It was the Marquis de Vauvenargues, a French moralist and writer who once said that “Great men undertake great things because they are great… fools, because they think them easy.” Those words most definitely apply to the DC Comics villain Captain Boomerang (a.k.a. George “Digger” Harkness), a beer-swilling, racist, ‘ranging member of The Flash’s infamous Rogues Gallery who tangled with forces well above him and, somehow, found his way into comic book readers’ hearts.
Much of that has to do with his unforgettable runs (pun intended) in just about every incarnation of DC’s Suicide Squad – including the most recent “Rebirth” roster. But as beloved as he may be, despite his eagerness to get even his teammates killed for a bit of entertainment, the newest creative team behind “Suicide Squad: Rebirth” has seen fit to cut him down in just the second issue of the relaunched series. Zod’s imminent addition to the Squad had been teased by the storytellers ahead of time, but we held off on discussing the issue’s biggest twist – until now.
That’s right, comic fans: Captain Boomerang is dead – and General Zod’s the one who wrote the rogue’s final chapter.
A Mission to… The Phantom Zone?
To the average fan of comic book television, cartoons, or movies, the above revelation may sound a little too strange to be believed – while seasoned comic book readers may assume that Boomerang, like so many other fallen characters, isn’t really dead. The writers or editorial may indeed have a plan in mind to bring Boomerang back into the series, but for the moment… his death seems about as final as one can get. And for those who haven’t been reading the “Suicide Squad” series – just three issues in – allow us to offer some context for the bombshell.
The less said about the set-up the better, since any fan of the Squad can already guess the premise: Amanda Waller re-assembles a team of villains (close to that of the Suicide Squad movie) and sends them into a maximum security installation in foreign waters. The target? An object of cosmic significance contained inside “The Black Vault,” with no other information to go on. Once the team finds the device, however, they learn that it packs a far bigger punch than your usual superweapon: it’s a gateway to the famed Phantom Zone.
General Zod Returns
Now, any fan of just about any incarnation of Superman knows that the “Phantom Zone” is widely known as the dimension used by the ancient Kryptonians as a form of “pocket prison” for their most dangerous criminals (though the mythology of the actual “zone” has expanded over the years to represent a complete dimension). General Dru-Zod of Krypton is its most famous resident, including the version introduced in the New 52 – somewhat rewritten as an abandoned boy found by Superman’s father and uncle, eventually growing into one of Krypton’s most successful (and brutal) generals.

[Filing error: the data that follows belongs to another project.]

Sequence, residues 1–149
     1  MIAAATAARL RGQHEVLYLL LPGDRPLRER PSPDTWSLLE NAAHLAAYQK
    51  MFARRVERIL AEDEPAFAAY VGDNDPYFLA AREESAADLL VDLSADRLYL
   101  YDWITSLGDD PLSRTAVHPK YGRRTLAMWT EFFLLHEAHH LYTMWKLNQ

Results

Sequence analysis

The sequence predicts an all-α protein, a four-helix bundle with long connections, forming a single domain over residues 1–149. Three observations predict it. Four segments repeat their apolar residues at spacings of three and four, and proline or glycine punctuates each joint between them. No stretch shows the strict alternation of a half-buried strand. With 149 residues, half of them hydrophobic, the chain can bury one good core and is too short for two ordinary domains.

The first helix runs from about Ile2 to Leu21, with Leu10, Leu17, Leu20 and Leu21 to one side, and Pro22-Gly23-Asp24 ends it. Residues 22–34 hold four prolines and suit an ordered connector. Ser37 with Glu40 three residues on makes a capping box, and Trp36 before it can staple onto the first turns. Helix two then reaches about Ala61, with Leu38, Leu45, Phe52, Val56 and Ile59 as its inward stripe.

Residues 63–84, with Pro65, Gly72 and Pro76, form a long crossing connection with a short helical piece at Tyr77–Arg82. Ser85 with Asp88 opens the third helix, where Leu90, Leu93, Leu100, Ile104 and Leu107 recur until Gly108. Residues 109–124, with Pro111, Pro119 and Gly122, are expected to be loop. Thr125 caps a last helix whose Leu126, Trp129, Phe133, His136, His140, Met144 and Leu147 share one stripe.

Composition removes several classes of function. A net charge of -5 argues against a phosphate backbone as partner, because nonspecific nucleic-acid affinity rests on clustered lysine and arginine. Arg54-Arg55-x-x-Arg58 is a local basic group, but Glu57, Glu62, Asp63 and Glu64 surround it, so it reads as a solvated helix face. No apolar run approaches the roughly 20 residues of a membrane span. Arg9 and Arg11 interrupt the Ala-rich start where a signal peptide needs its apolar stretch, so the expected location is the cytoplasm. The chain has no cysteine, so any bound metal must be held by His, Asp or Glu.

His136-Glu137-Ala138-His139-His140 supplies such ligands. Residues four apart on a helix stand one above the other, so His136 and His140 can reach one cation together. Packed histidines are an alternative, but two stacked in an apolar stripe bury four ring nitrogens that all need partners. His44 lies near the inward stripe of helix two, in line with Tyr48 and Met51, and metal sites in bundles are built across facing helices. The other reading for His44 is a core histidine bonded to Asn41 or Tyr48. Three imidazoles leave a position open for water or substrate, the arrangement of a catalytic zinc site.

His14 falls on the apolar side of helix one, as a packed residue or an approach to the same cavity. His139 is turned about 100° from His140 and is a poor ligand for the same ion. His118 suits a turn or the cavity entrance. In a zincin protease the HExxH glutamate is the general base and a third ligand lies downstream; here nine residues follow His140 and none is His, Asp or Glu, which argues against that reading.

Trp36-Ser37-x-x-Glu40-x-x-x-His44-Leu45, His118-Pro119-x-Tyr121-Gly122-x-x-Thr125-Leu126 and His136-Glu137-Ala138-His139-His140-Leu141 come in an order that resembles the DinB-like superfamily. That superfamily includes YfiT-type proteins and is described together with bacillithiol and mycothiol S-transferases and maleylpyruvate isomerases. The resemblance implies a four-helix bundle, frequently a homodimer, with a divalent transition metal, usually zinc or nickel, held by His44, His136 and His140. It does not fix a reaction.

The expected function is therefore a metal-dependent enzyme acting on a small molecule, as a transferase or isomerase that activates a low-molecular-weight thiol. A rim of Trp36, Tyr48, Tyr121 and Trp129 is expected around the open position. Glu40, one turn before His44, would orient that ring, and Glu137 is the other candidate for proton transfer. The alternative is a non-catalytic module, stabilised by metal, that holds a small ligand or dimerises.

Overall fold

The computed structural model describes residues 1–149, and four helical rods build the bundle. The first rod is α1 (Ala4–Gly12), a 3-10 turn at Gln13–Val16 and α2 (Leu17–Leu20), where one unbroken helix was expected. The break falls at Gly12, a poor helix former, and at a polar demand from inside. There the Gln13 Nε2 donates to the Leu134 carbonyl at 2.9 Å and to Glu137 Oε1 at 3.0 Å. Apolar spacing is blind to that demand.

Zod’s story in the New 52 was primarily told in the “Superman/Wonder Woman” series, chronicling his incarceration in, and escape from the Phantom Zone. The heroes obviously vanquished him once again and returned him to his prison, but it seems that the enemy forces experimenting with the Phantom Zone in “Suicide Squad” at least partially opened the door for him to escape. And as Zod unleashed his Heat Vision on the barrier between worlds, tearing his way out with his bare hands… one member of the Squad wound up standing in the way.
The Death of Captain Boomerang
Never one to listen to instruction (again, failing to grasp “great” events, villains or dangers as something of a trademark), Boomerang approached the spherical Phantom Zone device without fear… and got a blast of Kryptonian Heat Vision at close range. While the shocking death concludes the issue, meaning the team barely has time to react – and readers can still cling to some hope that their eyes have been deceived, the smoldering pair of boots left as the rest of Boomer’s body is vaporized… makes a pretty compelling case.
The decision is sure to prove controversial to readers, especially those eager to give writer Rob Williams and artist Jim Lee all of the reasons why Boomerang is too good a villain to take out (and even before he got the chance to condemn one of his fellow Squad members to death, too). But you can’t say that his death wasn’t memorable on either a visual or plot level. And for those interested in seeing Williams and Lee’s story unfold, the most immediate question will be the reaction of Rick Flag to losing one of his team – and how they’ll handle an enemy well beyond their skillset.
What do you think of the death of Captain Boomerang? Are you glad to see him get a dose of his own medicine, or is this a mistake DC will be rectifying immediately? Sound off in the comments.
Suicide Squad #2 is available now.
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